paul maziar

ArtsWatch Weekly: flood & mosaic

A look back, a look ahead: This week, the big news is the Vanport Mosaic Festival

SEVENTY YEARS AGO ON MAY 30 FLOODWATERS SWEPT IN from the Columbia River and burst through a 200-foot section of dike just north of Portland, inundating the city of Vanport, killing 15 people and wiping the city off the face of the Earth. Vanport was Oregon’s second-largest city at the time, with a population of 40,000 at its wartime peak before falling off after the end of World War II.

Henk Pander, “Vanport,” watercolor, 40 x 60 inches, 2018. On view at Cerimon House through Sunday in his Vanport Mosaic exhibition “Artworks of Henk Pander: War Memory, Liberty Ships, Vanport.” It then moves to the White Stag Building May 29-June 12.

Vanport was an “instant city” created primarily to house workers in the Kaiser shipyards and their families. It was for a time the most racially integrated city in the state, with a large African American population and many Asian Americans, too. Many white workers moved out after the war; black workers and their families largely stayed because of exclusionary housing practices in neighborhoods across Portland. The memory of Vanport remains strong in the city’s African American community.

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Kellen Chasuk: Inventiveness triumphs over gloom

Kellen Chasuk's lively exhibition at Stephanie Chalfas Projects is full of the still lifes of our time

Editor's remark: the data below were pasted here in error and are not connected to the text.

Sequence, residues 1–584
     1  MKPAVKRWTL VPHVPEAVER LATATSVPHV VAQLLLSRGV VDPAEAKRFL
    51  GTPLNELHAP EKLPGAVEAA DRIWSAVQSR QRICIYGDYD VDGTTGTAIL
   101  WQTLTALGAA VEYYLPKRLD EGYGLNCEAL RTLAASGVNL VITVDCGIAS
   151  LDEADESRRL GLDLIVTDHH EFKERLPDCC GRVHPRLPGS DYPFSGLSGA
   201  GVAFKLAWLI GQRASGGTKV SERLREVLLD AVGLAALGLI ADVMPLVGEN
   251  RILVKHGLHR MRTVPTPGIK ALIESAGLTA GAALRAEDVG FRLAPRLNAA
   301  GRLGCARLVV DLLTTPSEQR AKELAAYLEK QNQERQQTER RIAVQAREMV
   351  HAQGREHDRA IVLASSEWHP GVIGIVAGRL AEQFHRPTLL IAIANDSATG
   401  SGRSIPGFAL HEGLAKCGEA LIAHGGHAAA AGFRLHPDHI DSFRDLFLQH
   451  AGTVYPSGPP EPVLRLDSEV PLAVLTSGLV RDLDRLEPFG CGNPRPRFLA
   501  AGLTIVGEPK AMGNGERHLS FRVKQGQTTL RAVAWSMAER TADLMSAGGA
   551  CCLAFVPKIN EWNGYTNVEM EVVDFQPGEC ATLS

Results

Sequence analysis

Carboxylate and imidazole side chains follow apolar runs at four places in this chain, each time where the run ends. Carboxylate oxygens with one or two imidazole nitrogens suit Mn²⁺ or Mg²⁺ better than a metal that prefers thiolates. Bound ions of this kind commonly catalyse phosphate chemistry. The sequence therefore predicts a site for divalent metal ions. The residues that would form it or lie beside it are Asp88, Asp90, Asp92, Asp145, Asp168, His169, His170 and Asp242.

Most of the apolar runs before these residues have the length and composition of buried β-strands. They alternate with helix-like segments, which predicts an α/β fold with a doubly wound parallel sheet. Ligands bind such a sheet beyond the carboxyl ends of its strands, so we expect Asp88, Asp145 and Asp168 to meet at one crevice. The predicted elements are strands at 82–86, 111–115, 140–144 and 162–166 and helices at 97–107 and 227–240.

By PAUL MAZIAR

One of my favorite things about art-making, in any medium, is that the initial subject matter can be totally incidental—without prescribed meaning whatsoever—and yet deeper implications are invariably discovered, by both the artist and whomever is there to experience the thing they’ve made. I love the indeterminacy that creativity can entertain, and the comfort to be found in not knowing—for both artist and viewer.

Taking a couple of separate walks through Plastic Flowers, the new exhibition of Kellen Chasuk’s paintings at Stephanie Chefas Projects through January 27, I find an unmistakable joy in Chasuk’s paintings, an inventiveness. Taken as a whole, the show exemplifies the protean aspects of meaning and experience in contemporary life—related to joy, sorrow, boredom, and anxiety for anyone alive today in these confounding times—and it entertains the concerns and tropes of artists and art history. The readily accessible, familiar passions seen in her tableaus—living, growing things—the bright hues and lighthearted forms, the playful modelling of Kellen’s paint, all of these belie a story of gloom. That’s not quite it—a kind of story opens up, shown in its variation, like life. Here, it’s a relatable gloom, for sure, and given the year we just had, such a lively exhibition is also a triumph.

Elements of Kellen Chasuk’s “Plastic Flowers” exhibition at Stephanie Chefas Projects, through January 27, 2018

Chasuk’s work is palatable in its simplicity and strangeness. You have, on the one hand, all these vivid, humorous interior (i.e., indoors) scenes that show the simplicity of playing around with paint and the rendering of space and form; and on the other, these personal or metaphysical (i.e. the person’s inner life) aspects that are gently implied by the very same means. It’s interesting to me the way that these things become interchangeable, with the possibility of even more depth of meaning through the familiar, simplified forms devoid of pretension, and in many cases even verity.

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